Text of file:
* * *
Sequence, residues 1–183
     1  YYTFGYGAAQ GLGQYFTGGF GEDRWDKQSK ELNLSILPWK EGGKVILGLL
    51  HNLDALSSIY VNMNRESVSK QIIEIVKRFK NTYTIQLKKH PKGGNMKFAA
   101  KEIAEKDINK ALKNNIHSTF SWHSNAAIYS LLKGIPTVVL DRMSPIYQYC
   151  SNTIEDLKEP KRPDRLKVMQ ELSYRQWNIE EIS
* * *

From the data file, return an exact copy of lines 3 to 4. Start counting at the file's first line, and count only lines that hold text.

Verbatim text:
    51  HNLDALSSIY VNMNRESVSK QIIEIVKRFK NTYTIQLKKH PKGGNMKFAA
   101  KEIAEKDINK ALKNNIHSTF SWHSNAAIYS LLKGIPTVVL DRMSPIYQYC